As the additives which are optionally added, there are stearic acid and stearic amides as lubricants, and they can also unction as the binder. As plasticizers, there are phthalate esters.

The blending ratio in an injection molded body is about 30 to 60 parts by volume of the binder per 100 parts by volume of the powder, and a minimum binder amount is desirable which satisfies the quality requirements in the injection molding process. The amount of the additives which are optionally added is about 0 to 10 parts by volume.

When the injection molded body is debinded, the temperature of the molded body is elevated rapidly up to above the evaporation initiating temperature of the binder component having the lowest evaporation initiating temperature. As the temperature, a suitable temperature is not lower than the above evaporation initiating temperature and not higher than the evaporation initiating temperature of the binder component having the second lowest evaporation initiating temperature. The temperature rise speed up to this temperature may be any speed not giving damage to the injection molded body, and usually, the temperature may be elevated without special consideration.

Then, the binder component having the lowest evaporation initiating temperature is removed from the molded body by maintaining this temperature. The temperature to be maintained is not necessarily constant but may be present in the above temperature range. In the case that there are 3 or more kinds of binder components, the method of evaporating 2 kinds of the binder components among them at first is included in the method of the invention. In this case, the temperature to be maintained is set at not lower than the evaporation initiating temperature of the binder component having the second lowest evaporation initiating temperature and not higher than the evporation initiating temperature of the binder component having the third lowest evaporation initiating temperature.

By elevating the temperature of the injection molded body rapidly up to immediately above the evaporation initiating temperature of the binder having the lowest evaporation initiating temprature and then maintaining this temperature, the lowest evaporation initiating binder is evaporatively removed from the surface of the molded body without moving in the dewaxing plate direction. By shortening the time the binder is in a melted state prior to the initiation of evaporation, the migration of powder particles becomes extremely low, and scattering of density difference formed in the thickness direction can be prevented. It is also included in the present invention to elevate the temperature gradually up to the remarkable evaporation temperature of the binder having the second lowest evaporation initiating temperature from the lowest evaporation temperature instead of maintaining the lowest temperature.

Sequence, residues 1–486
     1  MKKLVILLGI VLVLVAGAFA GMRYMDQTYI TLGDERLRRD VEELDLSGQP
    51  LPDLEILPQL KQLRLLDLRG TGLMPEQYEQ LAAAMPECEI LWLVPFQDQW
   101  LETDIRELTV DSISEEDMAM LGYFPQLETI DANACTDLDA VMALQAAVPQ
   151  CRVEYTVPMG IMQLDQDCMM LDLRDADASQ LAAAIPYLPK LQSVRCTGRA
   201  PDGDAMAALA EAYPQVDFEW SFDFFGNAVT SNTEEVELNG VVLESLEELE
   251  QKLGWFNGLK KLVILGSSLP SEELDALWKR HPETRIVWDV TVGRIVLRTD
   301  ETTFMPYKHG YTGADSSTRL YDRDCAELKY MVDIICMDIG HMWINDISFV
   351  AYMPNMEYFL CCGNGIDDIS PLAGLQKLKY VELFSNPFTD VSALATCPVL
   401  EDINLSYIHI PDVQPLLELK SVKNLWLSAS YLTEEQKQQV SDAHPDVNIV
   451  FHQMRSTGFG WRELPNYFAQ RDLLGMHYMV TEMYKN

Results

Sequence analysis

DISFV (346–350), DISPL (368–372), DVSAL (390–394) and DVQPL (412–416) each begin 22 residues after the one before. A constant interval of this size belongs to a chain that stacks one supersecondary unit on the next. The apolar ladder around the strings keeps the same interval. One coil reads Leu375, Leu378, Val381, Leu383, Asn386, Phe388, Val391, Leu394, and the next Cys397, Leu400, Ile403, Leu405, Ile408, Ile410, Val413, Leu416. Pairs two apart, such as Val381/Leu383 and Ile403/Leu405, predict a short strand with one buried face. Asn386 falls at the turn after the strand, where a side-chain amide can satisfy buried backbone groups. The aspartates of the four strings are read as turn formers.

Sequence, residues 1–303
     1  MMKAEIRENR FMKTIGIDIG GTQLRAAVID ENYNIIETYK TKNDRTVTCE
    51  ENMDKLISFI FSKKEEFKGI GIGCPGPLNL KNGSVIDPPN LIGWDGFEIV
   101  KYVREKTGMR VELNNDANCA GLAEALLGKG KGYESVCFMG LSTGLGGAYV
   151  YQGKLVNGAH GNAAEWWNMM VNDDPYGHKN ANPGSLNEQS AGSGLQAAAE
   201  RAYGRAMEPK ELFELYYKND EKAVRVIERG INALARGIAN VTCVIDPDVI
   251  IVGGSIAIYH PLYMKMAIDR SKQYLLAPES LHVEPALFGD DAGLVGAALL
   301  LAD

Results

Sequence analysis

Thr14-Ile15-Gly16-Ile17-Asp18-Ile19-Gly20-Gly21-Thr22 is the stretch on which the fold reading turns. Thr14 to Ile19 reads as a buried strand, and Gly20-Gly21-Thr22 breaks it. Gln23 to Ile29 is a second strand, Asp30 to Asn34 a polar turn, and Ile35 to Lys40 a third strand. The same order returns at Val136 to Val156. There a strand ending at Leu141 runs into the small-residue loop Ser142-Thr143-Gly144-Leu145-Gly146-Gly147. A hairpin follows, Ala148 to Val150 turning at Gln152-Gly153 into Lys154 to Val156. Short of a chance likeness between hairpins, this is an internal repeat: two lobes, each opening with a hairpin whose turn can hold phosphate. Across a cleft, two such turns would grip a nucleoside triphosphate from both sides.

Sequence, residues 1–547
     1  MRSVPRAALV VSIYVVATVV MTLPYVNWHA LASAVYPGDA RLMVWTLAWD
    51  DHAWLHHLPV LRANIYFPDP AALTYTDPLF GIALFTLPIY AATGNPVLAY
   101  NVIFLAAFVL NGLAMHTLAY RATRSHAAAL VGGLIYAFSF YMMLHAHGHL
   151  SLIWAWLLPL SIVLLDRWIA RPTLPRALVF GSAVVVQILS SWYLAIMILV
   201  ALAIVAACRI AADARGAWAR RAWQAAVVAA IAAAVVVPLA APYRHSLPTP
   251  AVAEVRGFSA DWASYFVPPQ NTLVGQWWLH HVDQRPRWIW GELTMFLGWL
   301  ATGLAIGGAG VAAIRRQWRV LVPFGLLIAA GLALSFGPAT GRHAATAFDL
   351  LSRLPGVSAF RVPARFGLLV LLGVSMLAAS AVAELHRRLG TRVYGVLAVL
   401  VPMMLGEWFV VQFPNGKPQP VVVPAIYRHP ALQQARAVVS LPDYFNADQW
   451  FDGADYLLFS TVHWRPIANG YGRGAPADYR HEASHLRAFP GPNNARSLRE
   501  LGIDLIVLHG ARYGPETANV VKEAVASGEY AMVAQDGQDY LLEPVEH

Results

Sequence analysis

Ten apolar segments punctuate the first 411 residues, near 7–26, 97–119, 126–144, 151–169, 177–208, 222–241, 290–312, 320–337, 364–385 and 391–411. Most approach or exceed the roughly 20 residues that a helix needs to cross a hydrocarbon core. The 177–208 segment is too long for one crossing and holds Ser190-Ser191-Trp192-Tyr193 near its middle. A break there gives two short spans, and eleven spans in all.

Subsequently, the debinding temperature is further elevated to remove all residual binder components. The temperature elevating speed is a speed which does not generate cracks or blisters in the molded body, and it varies according to the kind and quantity of binder components, particle size of powder, form, size of the molded body and the like, and in usually, temperature elevation of about 5 to 50 C./hour is possible. The temperature elevation may be continuous or stepwise. In the latter case, it is possibly set so that evaporation of each binder component is finished in sequence of lower evaporation initiating temperature.

It is preferable that the above debinding process is conducted as endothermic reaction in an atmosphere inert to both binder components and thermal decomposition products thereof. As such an atmosphere, a gas atmosphere inert to the binder in the debinding temperature region, such as nitrogen gas, helium, hydrogen or argon can be used. In so far as conducting the rapid temperature elevation up to immediately above the evaporation initiating temperature of the binder and keeping in a gas atmosphere inert to the binder, defects, such as blisters and cracks do not occur in the molded body. However, when debinding is conducted in an oxidizing atmosphere, heat is generated from the surface of the molded body by the oxidation reaction of the binder and binder decomposition products to form defects on the inside. Accordingly, in a debinding method conducted in an oxidizing atmosphere, heat generation occurs by the oxidation of the binder. As a means for avoiding the occurrence of defects by heat generation, although the method disclosed in Japanese Patent KOKOKU 61-48563 is effective, the effect on shortening time satisfactorily is small.